At work today, one of the instructors gave out an article called, “CMT Preparations: What’s your School Doing?” The article was written by Laurel Kilough on February 25, 2010 for the Ct Education Association Blog. And while the ideas seemed interesting, fun, and inventive, I was left be thankful that I homeschool my children. (As many of you know we homeschool our two biological children and our foster son attends public school due to legal requirements) For those of you who do not know what CMT’s are, they are the CT Mastery Tests. While the CMT’s are specific to CT, many other states have similar type tests. The article talks about rigorous academic preparation, involving parents, pep rallies, and ideas to enliven the actual days of the test. As I said the article does put out some interesting ideas like poetry contests to encourage students on the CMT’s, sprinkling fairy dust in the form of reading strategies, or giving encouraging notes, but the whole idea left me with a queasy feeling. Why do we have to focus on rigorous academic preparation? Shouldn’t that be the standard? Why do we need to “send a letter home to parents asking them to limit absences and make sure their children get a good night’s sleep and proper nutrition”? Shouldn’t that be a consistent expectation? I cannot even begin to wrap my mind around holding a pep rally to “get ready” for the test. Isn’t the focus a bit array? Shouldn’t we be excited about learning itself and not about proving our knowledge on a test? As for “fairy godmothers”, Captain Writing, raffles, and incentives, I just ask why? Is the way we are teaching so horrible that we must bribe our students to perform?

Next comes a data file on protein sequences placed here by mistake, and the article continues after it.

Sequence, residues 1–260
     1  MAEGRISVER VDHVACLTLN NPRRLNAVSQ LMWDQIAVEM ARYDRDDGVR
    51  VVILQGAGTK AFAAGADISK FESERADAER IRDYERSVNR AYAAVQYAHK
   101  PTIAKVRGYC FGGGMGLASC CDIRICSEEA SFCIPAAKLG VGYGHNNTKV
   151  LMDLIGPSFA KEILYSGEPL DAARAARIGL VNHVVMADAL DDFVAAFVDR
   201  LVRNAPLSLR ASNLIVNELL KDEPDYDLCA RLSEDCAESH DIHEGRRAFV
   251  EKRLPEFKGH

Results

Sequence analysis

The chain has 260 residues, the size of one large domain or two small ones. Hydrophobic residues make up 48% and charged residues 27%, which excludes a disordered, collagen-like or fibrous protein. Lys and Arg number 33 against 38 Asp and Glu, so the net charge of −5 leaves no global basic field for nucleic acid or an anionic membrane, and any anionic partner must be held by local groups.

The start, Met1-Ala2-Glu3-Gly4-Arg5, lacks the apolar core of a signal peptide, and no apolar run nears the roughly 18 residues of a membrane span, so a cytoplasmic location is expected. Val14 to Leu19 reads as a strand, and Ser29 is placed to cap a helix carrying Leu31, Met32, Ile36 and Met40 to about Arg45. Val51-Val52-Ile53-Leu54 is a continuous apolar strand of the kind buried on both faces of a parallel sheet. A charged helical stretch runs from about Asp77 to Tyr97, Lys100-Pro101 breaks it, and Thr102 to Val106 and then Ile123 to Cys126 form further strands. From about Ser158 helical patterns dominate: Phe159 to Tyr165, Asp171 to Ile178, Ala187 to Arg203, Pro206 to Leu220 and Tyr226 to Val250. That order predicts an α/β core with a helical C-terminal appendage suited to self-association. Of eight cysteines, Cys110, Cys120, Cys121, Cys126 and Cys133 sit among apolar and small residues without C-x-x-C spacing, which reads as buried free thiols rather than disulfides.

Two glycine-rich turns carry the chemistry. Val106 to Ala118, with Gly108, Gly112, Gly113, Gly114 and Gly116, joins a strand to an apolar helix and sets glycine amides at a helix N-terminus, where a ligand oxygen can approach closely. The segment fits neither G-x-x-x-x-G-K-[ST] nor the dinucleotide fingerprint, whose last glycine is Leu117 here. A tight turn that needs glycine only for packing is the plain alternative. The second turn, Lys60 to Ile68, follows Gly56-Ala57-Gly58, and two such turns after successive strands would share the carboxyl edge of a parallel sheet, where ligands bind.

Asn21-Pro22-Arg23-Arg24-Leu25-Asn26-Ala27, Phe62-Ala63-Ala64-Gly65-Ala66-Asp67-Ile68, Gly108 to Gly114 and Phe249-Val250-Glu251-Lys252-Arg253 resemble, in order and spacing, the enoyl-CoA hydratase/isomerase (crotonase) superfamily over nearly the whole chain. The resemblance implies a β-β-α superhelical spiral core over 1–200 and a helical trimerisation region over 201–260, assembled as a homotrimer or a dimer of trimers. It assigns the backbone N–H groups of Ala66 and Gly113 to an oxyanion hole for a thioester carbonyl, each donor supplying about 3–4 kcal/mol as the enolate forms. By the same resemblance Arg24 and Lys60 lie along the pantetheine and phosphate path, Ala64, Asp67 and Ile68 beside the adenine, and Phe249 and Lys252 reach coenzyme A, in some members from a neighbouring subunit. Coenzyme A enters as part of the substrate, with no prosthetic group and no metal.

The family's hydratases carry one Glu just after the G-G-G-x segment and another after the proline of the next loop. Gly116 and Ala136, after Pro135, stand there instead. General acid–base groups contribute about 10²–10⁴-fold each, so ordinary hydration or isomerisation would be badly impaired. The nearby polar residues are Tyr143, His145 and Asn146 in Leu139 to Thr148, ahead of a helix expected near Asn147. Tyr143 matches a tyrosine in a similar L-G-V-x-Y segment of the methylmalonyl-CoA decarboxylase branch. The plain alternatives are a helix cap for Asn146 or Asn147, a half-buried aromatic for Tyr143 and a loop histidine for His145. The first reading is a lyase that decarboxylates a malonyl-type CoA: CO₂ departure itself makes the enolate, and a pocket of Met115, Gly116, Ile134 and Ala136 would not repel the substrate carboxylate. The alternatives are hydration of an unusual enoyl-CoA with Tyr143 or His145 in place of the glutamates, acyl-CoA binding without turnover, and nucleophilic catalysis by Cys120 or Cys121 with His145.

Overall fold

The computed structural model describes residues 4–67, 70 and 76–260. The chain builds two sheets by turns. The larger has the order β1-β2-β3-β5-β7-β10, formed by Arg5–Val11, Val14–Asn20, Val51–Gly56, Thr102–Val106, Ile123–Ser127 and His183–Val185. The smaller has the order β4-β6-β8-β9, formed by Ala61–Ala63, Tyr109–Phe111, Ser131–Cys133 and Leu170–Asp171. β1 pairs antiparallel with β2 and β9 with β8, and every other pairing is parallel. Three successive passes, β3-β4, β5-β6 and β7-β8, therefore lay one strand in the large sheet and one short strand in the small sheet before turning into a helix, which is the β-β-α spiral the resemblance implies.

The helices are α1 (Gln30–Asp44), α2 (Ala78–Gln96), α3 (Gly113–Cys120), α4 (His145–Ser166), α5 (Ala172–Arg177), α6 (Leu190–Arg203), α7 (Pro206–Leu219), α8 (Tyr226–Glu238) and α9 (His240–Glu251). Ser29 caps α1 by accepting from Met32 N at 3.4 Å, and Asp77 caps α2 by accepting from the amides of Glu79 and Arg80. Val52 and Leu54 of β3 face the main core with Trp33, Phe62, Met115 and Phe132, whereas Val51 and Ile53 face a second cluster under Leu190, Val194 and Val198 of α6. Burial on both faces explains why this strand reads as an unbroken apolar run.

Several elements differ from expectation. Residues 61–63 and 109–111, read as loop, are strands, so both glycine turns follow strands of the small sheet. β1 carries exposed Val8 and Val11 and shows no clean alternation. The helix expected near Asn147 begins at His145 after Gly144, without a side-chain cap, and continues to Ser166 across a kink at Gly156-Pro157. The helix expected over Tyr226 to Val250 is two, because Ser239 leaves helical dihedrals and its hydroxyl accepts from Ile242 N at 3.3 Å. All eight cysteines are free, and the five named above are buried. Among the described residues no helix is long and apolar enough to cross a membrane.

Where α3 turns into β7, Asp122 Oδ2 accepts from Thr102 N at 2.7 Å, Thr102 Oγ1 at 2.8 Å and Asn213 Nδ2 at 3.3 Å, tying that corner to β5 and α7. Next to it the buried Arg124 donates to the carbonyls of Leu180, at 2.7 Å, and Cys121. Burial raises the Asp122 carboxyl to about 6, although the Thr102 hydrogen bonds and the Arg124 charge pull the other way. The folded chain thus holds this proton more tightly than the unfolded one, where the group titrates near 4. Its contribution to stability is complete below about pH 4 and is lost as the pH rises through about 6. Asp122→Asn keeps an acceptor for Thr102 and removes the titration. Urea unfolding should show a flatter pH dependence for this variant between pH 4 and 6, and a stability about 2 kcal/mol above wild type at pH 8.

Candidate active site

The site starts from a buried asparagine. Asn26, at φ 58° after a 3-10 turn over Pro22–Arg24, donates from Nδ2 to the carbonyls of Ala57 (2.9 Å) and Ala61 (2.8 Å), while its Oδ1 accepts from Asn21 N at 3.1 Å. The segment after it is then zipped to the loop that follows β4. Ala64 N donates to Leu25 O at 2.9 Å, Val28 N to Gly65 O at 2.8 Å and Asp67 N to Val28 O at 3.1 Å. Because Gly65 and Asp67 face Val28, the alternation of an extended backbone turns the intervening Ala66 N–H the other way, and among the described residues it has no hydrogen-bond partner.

The last sentence in the article says “What has your school been doing to prepare for the CMT or CAPT?” Fortunately, we are exempt as homeschoolers so I don’t have to answer this seriously, but my answer is learning. We are learning every day. We are learning for the sake of learning and not so that we can spew out our knowledge on a contrived test to be compared to others, but so that we can be engaged citizens, active community members, and generally better individuals. What are we doing to prepare? We are learning, acting, making changes, reviewing, discussing, interacting, discovering, creating and we don’t even need pep rallies, “fairy dust”, or Smarties to make it fun.